U.S. flag

An official website of the United States government

Official websites use .gov
A .gov website belongs to an official government organization in the United States.

Secure .gov websites use HTTPS
A lock ( ) or https:// means you’ve safely connected to the .gov website. Share sensitive information only on official, secure websites.

  1. Home
  2. Trade
  3. Priority Trade Issues
  4. Intellectual Property Rights
  5. Best Practices in Working with U.S. Customs and Border Protection to Help Enforce Your Intellectual Property Rights at the Border

Best Practices in Working with U.S. Customs and Border Protection to Help Enforce Your Intellectual Property Rights at the Border

U.S. Customs and Border Protection (“CBP”) is the first line of defense against counterfeit and piratical goods entering the U.S. stream of commerce from abroad.  CBP maintains a robust intellectual property (“IP”) enforcement program and deploys substantial resources to interdict IP-violative goods, which can threaten the health and safety of U.S. consumers, as well as the competitiveness of American businesses.

CBP enforces federally registered trademarks and copyrights that are recorded through the e-Recordation program, utilizes automated risk-management systems to analyze and target imported IP infringing goods, and has the legal authority to detain, seize, forfeit, and ultimately destroy IP infringing merchandise entering the U.S.

As members of the trade community, you can play a pivotal role in furthering CBP’s trade mission by becoming educated and engaged in IP border enforcement.  Trademark and copyright owners can collaborate and partner with CBP and other government agencies to become key players in the IP enforcement ecosystem.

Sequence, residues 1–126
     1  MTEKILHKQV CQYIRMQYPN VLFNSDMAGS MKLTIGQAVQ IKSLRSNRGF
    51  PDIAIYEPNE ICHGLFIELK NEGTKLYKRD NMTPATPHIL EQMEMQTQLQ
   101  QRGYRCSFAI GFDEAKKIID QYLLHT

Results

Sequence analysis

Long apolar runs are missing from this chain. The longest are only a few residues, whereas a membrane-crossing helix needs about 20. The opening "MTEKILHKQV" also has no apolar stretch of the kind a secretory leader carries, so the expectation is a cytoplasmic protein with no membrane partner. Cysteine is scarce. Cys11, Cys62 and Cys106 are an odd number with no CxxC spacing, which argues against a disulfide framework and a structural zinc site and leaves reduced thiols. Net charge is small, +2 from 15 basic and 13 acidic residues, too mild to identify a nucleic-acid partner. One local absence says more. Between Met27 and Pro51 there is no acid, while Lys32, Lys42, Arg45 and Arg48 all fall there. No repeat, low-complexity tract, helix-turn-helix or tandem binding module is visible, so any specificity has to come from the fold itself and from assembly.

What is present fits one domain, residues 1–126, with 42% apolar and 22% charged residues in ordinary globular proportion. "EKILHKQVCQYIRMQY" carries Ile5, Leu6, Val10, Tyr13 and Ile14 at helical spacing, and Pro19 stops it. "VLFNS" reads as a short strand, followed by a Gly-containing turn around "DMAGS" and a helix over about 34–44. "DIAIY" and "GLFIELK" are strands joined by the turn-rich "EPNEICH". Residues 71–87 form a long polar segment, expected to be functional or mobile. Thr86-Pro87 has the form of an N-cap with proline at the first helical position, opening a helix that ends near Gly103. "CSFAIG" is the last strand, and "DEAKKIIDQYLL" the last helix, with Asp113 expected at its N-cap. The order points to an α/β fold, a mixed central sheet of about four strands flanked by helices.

These seven principles of engagement are all that it takes to join CBP in the fight against IP theft:

  1. Be Recorded

Record your federally registered trademarks and copyrights with CBP through the e-Recordation program to receive border enforcement.  CBP consults the e-Recordation database when reviewing imported products for suspected counterfeit or infringing marks and piratical copies.  Provided the trademark or copyright that is being infringed is recorded, CBP will have the authority to detain, seize, forfeit, and in most circumstances destroy the infringing article.

The recordation application is available at: https://iprr.cbp.gov/.  CBP charges an administrative fee of $190 per International Class of goods for trademarks, and $190 per copyright.  The term of the trademark runs concurrently with the underlying U.S. Patent and Trademark Office registration, and 20 years per copyright.